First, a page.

GEO earrings and LEAF earrings are made of brass and plated with 18k gold by artisan partners in China in a small factory that we have chosen to work with after reviewing their ethical audit report Sedex members. It was really exciting for me to source from outside of Senegal and I was happy to see that there are relationships in place to ensure we are working with global partners without compromising our business values and social responsibility.
Can you share a bit about how they are made?
“The process of creating these pieces is so rich and interesting. For example,
Wolof earrings represent family heirlooms in traditional Wolof society in Senegal and are perfect for meaningful gifts for special occasions like weddings, baby showers, engagements, or celebrations of self-love.
Handcrafted by artisans in sterling silver or pure gold, each pair takes five days to craft, as each geometric pattern is shaped by hand and carefully added to the overall piece. These earrings have been passed down from mother to daughter for special occasions such as weddings and worn for many generations as a symbol of cultural and family richness. of the largest nomadic groups in West Africa. The Fulani tribe is well known for their traditional jewelry, which culturally represents a symbol of wealth that they can wear at any time. The whole process is manual and no two parts are the same.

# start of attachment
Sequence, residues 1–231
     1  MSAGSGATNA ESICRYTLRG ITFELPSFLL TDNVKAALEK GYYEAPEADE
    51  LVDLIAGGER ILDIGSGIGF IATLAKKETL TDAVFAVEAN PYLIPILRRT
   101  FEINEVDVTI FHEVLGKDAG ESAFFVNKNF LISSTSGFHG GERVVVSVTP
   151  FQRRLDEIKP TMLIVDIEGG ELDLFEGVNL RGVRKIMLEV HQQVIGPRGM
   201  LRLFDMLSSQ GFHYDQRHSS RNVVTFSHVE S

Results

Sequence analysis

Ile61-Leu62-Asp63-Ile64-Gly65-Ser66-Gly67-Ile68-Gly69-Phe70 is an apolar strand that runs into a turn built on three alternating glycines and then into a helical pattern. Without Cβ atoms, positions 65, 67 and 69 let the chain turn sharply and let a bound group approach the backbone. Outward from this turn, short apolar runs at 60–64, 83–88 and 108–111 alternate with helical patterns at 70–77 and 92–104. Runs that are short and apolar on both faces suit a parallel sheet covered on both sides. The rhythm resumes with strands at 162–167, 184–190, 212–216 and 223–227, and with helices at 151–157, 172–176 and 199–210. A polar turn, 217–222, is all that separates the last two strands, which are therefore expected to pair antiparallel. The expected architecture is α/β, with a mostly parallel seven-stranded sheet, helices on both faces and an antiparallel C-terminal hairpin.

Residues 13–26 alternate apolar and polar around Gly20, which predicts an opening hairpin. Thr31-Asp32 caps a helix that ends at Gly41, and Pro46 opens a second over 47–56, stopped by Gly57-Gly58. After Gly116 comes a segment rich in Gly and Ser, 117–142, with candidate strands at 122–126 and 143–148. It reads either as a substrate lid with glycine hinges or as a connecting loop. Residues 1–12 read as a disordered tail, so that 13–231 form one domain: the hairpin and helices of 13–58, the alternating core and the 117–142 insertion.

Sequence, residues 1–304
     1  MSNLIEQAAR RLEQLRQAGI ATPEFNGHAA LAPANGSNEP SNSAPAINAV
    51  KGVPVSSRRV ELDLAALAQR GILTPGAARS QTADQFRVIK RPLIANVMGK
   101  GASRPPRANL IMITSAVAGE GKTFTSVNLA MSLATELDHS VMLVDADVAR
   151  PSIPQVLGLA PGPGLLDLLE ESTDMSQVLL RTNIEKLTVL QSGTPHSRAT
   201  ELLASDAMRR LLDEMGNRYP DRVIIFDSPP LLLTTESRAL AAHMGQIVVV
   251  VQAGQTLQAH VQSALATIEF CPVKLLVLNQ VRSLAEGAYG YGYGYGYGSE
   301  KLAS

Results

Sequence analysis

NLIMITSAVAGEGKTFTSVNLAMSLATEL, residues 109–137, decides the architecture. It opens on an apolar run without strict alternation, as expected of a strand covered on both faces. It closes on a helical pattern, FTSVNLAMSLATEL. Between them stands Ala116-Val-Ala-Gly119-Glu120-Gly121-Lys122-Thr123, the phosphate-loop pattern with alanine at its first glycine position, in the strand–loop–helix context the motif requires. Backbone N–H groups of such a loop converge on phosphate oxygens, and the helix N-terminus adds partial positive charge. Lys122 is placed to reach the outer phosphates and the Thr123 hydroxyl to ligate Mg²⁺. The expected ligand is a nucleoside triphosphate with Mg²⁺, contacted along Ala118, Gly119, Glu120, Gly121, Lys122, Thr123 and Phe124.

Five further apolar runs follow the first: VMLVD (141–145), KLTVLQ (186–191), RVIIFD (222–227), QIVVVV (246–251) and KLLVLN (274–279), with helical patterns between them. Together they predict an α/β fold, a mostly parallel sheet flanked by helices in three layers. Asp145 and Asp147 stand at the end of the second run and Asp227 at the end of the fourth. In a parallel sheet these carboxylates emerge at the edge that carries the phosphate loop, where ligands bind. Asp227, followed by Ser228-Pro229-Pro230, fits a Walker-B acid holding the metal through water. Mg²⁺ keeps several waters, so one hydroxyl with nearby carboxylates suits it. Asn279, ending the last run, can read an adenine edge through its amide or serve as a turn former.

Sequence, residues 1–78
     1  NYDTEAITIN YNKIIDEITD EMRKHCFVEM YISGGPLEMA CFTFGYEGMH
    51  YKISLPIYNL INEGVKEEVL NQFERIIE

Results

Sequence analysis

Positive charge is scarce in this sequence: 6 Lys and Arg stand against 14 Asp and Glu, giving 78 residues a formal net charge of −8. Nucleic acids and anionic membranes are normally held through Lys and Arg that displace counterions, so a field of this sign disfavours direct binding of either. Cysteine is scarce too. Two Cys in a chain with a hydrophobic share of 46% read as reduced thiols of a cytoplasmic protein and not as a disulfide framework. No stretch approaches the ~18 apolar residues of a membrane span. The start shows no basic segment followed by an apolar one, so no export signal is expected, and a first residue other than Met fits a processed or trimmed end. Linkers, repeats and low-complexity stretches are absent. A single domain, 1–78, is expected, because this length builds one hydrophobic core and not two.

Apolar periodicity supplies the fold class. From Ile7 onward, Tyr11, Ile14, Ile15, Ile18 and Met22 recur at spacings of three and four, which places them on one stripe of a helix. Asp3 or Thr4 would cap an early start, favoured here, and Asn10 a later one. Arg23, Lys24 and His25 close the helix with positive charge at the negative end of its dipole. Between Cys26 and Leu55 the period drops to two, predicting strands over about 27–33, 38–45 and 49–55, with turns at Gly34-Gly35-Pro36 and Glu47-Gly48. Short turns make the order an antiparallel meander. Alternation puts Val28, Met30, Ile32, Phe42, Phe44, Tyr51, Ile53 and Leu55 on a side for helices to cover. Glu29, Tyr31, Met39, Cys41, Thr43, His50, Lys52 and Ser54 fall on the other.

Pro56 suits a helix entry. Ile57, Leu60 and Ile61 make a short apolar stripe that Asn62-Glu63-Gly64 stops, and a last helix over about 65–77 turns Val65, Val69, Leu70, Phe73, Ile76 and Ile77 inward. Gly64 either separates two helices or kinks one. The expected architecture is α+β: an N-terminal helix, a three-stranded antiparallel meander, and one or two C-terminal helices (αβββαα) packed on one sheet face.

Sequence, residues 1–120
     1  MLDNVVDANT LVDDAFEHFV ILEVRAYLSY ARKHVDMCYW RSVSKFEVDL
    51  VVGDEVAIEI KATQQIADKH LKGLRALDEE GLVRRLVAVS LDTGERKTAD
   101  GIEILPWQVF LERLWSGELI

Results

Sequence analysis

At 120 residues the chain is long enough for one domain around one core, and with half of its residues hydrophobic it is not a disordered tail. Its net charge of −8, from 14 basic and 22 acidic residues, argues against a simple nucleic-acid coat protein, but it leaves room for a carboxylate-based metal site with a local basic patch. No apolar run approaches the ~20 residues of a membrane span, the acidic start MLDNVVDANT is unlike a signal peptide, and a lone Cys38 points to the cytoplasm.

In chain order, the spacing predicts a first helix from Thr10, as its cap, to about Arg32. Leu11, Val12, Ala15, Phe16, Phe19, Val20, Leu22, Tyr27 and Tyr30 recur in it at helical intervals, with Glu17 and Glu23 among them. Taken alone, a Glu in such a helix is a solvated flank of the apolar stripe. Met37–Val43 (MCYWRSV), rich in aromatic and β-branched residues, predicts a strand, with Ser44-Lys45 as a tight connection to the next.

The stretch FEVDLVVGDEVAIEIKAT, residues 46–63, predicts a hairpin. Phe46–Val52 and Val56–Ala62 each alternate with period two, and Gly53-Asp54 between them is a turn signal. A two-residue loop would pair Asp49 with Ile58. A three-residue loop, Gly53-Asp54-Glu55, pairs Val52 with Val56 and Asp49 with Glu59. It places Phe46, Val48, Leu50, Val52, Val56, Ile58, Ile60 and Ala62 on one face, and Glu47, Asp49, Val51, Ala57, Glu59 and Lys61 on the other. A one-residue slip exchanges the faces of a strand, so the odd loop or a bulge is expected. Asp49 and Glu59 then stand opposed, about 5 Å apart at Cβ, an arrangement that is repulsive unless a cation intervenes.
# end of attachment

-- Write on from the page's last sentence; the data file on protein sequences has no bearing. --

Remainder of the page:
The Luna Ring: Trendy geometric ring handcrafted from recycled brass by artisans in Senegal and each piece may have slight variations depending on the type of brass used.
GEO earrings and LEAF earrings are geometric handicrafts and the process of creation is what I would call “digital craftsmanship”. You can see the images below for all the different geometric iterations that ultimately led to these pieces. I almost feel like a visual geometric algorithm.
Will you make more jewelry in the future? Are you going to expand the collection?
“Absolutely, I’m currently testing new models with a local blacksmith in Senegal and it’s so fun to be able to share my ideas via Whatsapp as I live in California and he sends me videos of the testing process. I’m also very interested in working with other artisans around the world and using jewelry to tell their stories. I’m currently exploring places like India and Morocco to create unique handcrafted pieces for future collections. It’s so stimulating to learn more about jewelry and what it means to different cultures.To be able to share this with the world is such a gift.
How is your business doing now that we are (hopefully) coming out of the pandemic?
“The company has grown tremendously since the pandemic. This year we have just started a partnership with Nordstrom, having previously only worked with Shopbop and Stitchfix. We have expanded our production workshop in Dakar more than three times and created many jobs. I just hired an operations manager in Senegal because my mom couldn’t handle the workload and the volume anymore. Our team has grown from less than 10 before the pandemic to over 45 today. The majority are in Dakar, Senegal, but we also have employees in New York, San Francisco, Sao Paulo, Madrid, the Philippines, Cape Town and Abidjan, among others.